Union to sue on probation hiring
Wants members rejected unfairly compensated for agency corruption
The union representing probation officers said yesterday that it will sue the Probation Department and the state Trial Court that nominally oversees it, an ominous sign that years of alleged widespread fraud and corruption in the agency may mean expensive legal exposure.
“The depth and breadth of the corruption here is almost beyond comprehension,’’ said David J. Holway, president of the National Association of Government Employees, referring to the portrait of fraudulent hiring “on a grand scale’’ that independent counsel Paul F. Ware Jr. sketched in a damning 307-page report released last week.
As US Attorney Carmen M. Ortiz and state Attorney General Martha Coakley consider possible criminal charges in the scandal, Holway said his union intends to file suit to protect members and win them compensation for being denied promotions they deserved that went instead to less-qualified, politically connected candidates.
People who never got a job in the department in the first place may file lawsuits independently, Holway said.
Ware said in his report that the rigged hiring system left the probation agency vulnerable to potential lawsuits from deserving candidates who were bypassed.
“The amounts in question could be substantial,’’ he said.
Ware said two deputy commissioners, Francis M. Wall and Patricia A. Walsh, may have perjured themselves in arbitration proceedings because, in the 38 arbitration cases Ware reviewed, officials did not disclose that scoring was based on instructions from top officials to favor certain candidates.
“The question was asked in several of those cases, ‘Was there a list of preferred candidates?’ — and the answer was always no,’’ Holway said.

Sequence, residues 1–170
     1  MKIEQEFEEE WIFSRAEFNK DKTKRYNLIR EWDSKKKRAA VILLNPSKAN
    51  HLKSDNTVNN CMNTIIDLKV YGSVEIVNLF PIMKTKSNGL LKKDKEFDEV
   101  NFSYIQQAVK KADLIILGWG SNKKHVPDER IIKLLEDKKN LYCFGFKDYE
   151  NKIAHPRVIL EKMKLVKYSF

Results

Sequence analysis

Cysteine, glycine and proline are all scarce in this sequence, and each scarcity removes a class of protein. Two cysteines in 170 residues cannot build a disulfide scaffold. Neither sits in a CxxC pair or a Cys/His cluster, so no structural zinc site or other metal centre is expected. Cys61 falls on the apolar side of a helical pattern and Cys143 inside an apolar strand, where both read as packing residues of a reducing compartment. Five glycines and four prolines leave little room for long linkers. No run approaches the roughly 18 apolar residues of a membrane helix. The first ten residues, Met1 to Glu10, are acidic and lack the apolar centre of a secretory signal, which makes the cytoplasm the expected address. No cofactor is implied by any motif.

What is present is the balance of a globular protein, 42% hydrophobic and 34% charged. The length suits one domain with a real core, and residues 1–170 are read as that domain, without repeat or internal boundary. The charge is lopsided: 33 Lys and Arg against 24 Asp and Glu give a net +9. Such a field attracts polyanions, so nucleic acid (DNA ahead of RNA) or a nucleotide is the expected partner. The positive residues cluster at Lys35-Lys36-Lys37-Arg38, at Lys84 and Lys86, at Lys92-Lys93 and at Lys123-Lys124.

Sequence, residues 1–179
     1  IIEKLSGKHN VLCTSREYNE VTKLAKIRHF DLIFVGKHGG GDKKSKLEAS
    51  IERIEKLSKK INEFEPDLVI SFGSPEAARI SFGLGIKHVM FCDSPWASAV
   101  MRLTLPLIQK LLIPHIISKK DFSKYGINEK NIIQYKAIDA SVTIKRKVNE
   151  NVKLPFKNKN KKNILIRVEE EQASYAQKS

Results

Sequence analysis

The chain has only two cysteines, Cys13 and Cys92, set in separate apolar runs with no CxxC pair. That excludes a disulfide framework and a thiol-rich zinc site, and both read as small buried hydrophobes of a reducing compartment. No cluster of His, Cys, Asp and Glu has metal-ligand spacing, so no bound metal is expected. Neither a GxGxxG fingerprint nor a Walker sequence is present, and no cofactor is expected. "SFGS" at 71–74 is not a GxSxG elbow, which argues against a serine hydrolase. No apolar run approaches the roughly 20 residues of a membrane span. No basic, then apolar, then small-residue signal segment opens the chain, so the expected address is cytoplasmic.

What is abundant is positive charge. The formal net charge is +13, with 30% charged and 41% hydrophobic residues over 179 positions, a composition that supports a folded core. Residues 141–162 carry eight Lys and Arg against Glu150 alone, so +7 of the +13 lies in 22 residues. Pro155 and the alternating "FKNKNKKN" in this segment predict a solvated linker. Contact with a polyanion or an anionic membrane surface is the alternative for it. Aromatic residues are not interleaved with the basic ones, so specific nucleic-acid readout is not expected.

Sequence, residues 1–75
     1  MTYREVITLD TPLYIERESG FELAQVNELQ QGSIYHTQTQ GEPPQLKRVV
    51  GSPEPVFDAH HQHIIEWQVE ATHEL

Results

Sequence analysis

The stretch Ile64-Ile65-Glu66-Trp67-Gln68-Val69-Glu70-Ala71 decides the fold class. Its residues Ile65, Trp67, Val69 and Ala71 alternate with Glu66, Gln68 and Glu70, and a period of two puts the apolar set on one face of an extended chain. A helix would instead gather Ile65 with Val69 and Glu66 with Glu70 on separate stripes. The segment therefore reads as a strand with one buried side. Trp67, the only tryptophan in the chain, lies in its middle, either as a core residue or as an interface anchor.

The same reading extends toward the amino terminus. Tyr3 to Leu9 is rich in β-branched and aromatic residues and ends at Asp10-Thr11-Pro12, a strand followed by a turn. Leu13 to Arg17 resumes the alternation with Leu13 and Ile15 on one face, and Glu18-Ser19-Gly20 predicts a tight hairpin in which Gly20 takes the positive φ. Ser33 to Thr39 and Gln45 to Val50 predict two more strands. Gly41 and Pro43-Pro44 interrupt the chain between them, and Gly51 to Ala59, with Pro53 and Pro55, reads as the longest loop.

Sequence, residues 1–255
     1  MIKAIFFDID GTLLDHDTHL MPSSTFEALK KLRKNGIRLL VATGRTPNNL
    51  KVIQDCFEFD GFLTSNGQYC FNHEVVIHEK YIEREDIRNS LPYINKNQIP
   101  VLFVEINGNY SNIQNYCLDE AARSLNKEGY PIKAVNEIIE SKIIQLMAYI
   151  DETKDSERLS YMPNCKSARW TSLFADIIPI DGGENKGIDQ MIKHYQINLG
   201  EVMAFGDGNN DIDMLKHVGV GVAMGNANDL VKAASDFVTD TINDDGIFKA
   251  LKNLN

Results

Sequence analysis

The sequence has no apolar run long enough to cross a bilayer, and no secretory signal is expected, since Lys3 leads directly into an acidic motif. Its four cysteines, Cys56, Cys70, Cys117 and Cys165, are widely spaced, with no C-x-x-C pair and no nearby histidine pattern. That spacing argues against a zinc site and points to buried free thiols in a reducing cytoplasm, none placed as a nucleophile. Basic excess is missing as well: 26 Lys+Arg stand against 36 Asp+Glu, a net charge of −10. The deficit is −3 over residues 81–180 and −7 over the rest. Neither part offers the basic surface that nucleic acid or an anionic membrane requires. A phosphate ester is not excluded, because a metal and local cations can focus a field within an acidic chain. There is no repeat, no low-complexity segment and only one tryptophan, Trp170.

Some of Ware’s witnesses identified specific individuals who would have been finalists if the sponsored candidates had not been given preferential treatment. Union officials said they had never won a grievance over a probation officer’s promotion, despite what Ware called obvious unfairness.
In one of the cases in which officials denied receiving any names of preferred candidates, Christopher Hoffman won a job in Hampshire Superior Court over Jason Harder. An arbitrator found that Hoffman’s selection was “fair and regular.’’
That is despite the fact that Hoffman was given the same credit for his time as an associate probation officer as Harder got for his time as a full-fledged probation officer, the union said. Hoffman’s previous job at a state social service agency was deemed relevant, while Harder’s work as a corrections officer was not. Harder did not get credit for his 19 years in the Air Force National Guard, serving as a medic in five war zones, the union complained.
Another possible advantage for Hoffman not noted by the arbitrator: He was a bartender at a pizzeria in Northampton frequented by the powerful former deputy commissioner, William H. Burke III. Hoffman is now an acting chief probation officer, while Harder is still a line probation officer.
Also yesterday, the union called for Robert A. Mulligan, the chief judge for administration and management, to step down.
Through a spokeswoman, Mulligan declined to comment yesterday.
Ware’s report shines a critical light on Mulligan, who challenged O’Brien many times over his hiring policies, but rarely took the ultimate step of rejecting O’Brien’s hires.
The Legislature clearly meant to remove judicial oversight of the Probation Department when it gave O’Brien exclusive hiring authority in 2001. And legislators’ sway over the Trial Court’s budget has been seen as chilling judges’ attempts at greater oversight.
But Mulligan acknowledged to the independent counsel that he could have rejected candidates based on a court policy that requires that candidates be hired on the basis of merit alone.
The Trial Court “must reassert its role in reforming standards for hiring within the Probation Department,’’ Ware wrote.